Have you watched the famous internet series on the WEIRD YouTube channel called "Autocomplete Interviews"? The essence of this show lies in watching celebrities react to the top search results from Google. These results can range from positive to negative. Sometimes, those who receive positive results are considered role models for the general public. As we often say, it's not important for you to tell people who you are; it's more valuable when people themselves define you.
Taiwan frequently utilizes these results to promote itself as the freest country in Asia. (Yes, this might be people defining who you are. But you're using this to say, "Look, this is me!" Okay, you're thinking outside the box.) As a citizen living in this country, I can attest that I feel quite free here. However, there have been numerous instances, especially around election time, where I've had to question whether "freedom" is mere propaganda. And what confounds me the most is the intended audience. The following news I wish to share has deeply affected my thoughts.
We were greatly surprised by a news release from the Ministry of Justice of the Republic of China on the evening of August 9, 2023. Here's a brief summary for you: The news stated that spreading the theory that marijuana is harmless or providing instructions on using marijuana online can lead to prosecution.
Evidently, the Ministry of Justice has misinterpreted the legal provisions.
For those who don't understand Mandarin, we have prepared a translation of the news release from the Ministry of Justice.
Inducing others to use marijuana, whether domestically or internationally, constitutes a serious offense under the Narcotics Hazard Prevention Act. The authorities reaffirm their strong commitment to enforcing the law and urge citizens not to test it with their actions.
I. The Narcotics Hazard Prevention Act imposes penalties for inducing others to use drugs, with a maximum sentence of 7 years of imprisonment.
According to Article 7, Paragraph 2 of the Narcotics Hazard Prevention Act, "A person who induces another to use a second-category narcotic shall be sentenced to imprisonment for not less than one year but not more than seven years, and may also be fined not more than one million New Taiwan Dollars." Marijuana is classified as a second-category narcotic in our country. Instructing others to use marijuana online or promoting the "harmless theory of cannabis" to induce others to use it could potentially constitute the crime of inducing others to use a second-category narcotic. If minors are induced to use marijuana, the penalty may be increased by up to one-half under Article 9, Paragraph 1 of the same Act.
II. Inducing others to use marijuana, whether domestically or internationally, falls within the scope of our country's criminal law and can lead to prosecution.
Pursuant to Article 5, Paragraph 8 of the Criminal Code, a person who commits the crime of inducing others to use drugs outside our country's territory is subject to our country's criminal law. Therefore, regardless of whether the offense occurs within or outside our country's borders, spreading the "harmless theory of cannabis" to induce others to use marijuana can be prosecuted and investigated by our country.
III. Prosecution agencies under the Ministry will continue to intensively investigate marijuana-related crimes, aiming to trace upwards to the source and dig downwards to the root.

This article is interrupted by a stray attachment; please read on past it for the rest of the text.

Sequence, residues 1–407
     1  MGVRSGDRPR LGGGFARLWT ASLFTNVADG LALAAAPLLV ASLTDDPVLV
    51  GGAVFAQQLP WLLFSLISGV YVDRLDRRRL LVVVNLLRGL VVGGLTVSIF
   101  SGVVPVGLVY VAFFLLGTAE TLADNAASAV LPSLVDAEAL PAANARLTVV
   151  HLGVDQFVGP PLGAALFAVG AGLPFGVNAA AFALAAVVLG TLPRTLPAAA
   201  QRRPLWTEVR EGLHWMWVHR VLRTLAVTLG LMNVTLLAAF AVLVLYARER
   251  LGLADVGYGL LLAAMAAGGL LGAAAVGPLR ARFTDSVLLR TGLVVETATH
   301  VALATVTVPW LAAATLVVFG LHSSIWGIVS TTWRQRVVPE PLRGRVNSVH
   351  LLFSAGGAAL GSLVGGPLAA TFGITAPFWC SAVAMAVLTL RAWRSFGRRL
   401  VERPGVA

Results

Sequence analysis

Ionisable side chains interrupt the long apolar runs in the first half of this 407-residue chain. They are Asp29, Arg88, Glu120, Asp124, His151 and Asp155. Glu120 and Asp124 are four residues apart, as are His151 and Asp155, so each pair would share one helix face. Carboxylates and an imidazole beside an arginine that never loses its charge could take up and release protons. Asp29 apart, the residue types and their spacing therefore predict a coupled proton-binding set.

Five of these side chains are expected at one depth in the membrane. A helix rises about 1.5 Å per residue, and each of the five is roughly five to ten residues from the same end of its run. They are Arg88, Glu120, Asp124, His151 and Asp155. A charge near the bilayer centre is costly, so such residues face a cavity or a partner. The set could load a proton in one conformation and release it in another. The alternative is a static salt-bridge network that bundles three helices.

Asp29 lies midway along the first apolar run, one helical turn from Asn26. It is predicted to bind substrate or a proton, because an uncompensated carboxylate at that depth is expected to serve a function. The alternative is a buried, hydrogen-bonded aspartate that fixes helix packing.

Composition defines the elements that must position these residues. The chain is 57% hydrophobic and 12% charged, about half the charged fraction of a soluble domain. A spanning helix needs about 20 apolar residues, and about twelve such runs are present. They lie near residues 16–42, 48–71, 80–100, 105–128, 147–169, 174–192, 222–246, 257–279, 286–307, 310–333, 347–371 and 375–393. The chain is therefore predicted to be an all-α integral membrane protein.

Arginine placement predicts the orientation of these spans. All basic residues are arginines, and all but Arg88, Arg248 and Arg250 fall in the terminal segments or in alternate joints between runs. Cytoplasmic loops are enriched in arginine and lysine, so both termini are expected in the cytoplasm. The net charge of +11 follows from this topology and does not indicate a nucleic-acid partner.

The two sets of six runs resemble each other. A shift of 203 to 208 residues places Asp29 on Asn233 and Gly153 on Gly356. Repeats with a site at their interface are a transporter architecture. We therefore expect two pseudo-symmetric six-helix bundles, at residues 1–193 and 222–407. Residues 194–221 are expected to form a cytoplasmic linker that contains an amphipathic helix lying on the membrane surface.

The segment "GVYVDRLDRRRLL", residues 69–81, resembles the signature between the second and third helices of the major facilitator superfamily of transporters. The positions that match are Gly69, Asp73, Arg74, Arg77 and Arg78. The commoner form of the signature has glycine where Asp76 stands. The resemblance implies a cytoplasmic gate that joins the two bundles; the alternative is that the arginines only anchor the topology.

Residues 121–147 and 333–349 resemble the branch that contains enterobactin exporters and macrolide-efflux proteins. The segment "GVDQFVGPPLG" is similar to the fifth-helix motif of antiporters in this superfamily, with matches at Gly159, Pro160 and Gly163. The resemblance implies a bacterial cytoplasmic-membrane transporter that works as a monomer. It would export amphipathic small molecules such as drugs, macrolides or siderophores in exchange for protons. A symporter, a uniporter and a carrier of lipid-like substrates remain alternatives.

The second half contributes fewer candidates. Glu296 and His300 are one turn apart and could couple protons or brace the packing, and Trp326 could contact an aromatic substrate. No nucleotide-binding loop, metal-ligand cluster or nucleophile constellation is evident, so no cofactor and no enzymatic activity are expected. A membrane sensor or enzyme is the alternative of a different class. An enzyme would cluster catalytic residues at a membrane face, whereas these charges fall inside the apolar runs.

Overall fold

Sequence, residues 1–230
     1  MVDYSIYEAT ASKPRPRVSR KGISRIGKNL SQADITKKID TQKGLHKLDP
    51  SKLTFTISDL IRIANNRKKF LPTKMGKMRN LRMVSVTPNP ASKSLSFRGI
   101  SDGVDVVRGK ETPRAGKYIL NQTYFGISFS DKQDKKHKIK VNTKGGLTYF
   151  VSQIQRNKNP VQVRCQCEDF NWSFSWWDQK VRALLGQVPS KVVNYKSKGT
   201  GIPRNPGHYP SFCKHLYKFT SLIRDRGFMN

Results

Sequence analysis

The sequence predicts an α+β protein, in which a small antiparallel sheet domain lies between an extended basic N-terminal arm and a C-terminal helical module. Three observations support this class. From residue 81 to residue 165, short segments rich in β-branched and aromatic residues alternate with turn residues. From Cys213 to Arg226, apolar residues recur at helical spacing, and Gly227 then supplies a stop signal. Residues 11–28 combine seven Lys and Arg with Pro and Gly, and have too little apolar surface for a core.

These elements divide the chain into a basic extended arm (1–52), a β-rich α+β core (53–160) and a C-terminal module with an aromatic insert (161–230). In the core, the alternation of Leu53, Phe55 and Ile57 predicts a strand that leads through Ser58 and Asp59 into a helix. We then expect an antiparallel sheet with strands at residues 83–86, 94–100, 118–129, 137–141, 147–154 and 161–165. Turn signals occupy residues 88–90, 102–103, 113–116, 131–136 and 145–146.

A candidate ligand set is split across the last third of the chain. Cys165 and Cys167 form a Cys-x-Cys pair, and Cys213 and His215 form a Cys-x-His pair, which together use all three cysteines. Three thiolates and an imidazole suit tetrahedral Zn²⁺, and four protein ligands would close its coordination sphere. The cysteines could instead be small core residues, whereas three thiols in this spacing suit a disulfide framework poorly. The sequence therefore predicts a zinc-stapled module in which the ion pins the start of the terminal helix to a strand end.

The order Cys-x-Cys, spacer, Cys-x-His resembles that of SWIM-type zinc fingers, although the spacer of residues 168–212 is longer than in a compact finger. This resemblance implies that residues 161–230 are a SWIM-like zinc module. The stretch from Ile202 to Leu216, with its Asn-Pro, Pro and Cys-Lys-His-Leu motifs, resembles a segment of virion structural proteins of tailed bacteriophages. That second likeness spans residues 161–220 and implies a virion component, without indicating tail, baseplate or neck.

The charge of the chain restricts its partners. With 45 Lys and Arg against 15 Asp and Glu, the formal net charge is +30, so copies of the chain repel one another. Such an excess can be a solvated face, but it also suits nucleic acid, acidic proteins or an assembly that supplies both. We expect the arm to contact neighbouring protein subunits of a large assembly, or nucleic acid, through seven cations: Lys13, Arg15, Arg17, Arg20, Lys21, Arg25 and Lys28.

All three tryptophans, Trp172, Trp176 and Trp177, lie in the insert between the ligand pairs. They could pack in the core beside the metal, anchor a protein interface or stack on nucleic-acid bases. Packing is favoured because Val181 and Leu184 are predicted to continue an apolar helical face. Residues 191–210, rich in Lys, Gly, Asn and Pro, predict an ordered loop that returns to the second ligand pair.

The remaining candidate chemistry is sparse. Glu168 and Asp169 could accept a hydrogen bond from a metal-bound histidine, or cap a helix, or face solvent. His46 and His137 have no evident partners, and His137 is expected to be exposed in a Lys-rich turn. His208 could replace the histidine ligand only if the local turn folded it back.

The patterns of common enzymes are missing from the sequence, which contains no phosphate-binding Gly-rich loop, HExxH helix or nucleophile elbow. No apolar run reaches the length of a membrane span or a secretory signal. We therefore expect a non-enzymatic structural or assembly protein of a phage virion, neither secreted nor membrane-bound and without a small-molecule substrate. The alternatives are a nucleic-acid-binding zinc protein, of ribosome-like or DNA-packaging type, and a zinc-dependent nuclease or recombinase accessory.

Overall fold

To curb the ongoing spread of marijuana, prosecution agencies under the Ministry have prioritized the investigation of marijuana as a key focus of the Anti-Drug Safe Community Project. Efforts are aimed at tracing the supply source of marijuana and uncovering the use of marijuana, all in order to safeguard the health of our citizens. The Ministry reiterates that drug crimes are serious offenses and will vigorously conduct sweeps. Those who attempt to defy the law will be promptly and strictly dealt with according to the law.
Based on the information presented in the first and second paragraphs of the news release, it is quite astonishing that the Ministry of Justice of the Republic of China considers anyone, regardless of their location, who creates content related to cannabis, as subject to potential prosecution under the Republic of China's judicial system. Consequently, we can draw the following conclusion: Any form of education, documentary, music, film, or published book related to substances classified as "drugs" by the Republic of China could potentially face prosecution for "inducing" others to use such substances.
It is utterly outrageous and absurd to employ the criminal law of "inducing others to use drugs" as a means to punish content creators advocating for cannabis legalization. This action is highly irrational and can be seen as nothing short of declaring war on people's freedom of speech. This law was originally enacted to penalize the concrete act of persuading specific individuals to use drugs; however, it is now being twisted to punish individuals who, through online discourse, may potentially influence unspecified individuals to use drugs.
The third paragraph of the news release suggests that the government of the Republic of China continues to adhere to the outdated and proven-to-fail "war on drugs" strategy. It is infuriating to witness the government now using a news release to seemingly pledge to stifle the freedom of speech advocating for peaceful efforts towards cannabis legalization through punitive measures.
When a pioneer embarks on their most enduring adventure to conquer the most challenging aspect of their life, what transforms their name into a legacy? Is it merely the pioneer's slightly greater effort compared to those around them, or is it the unwavering resolve to uphold their beliefs that truly defines greatness?
I fucking love cannabis and psychedelics, and they have significantly influenced the way I live my life in a way I love. Freedom.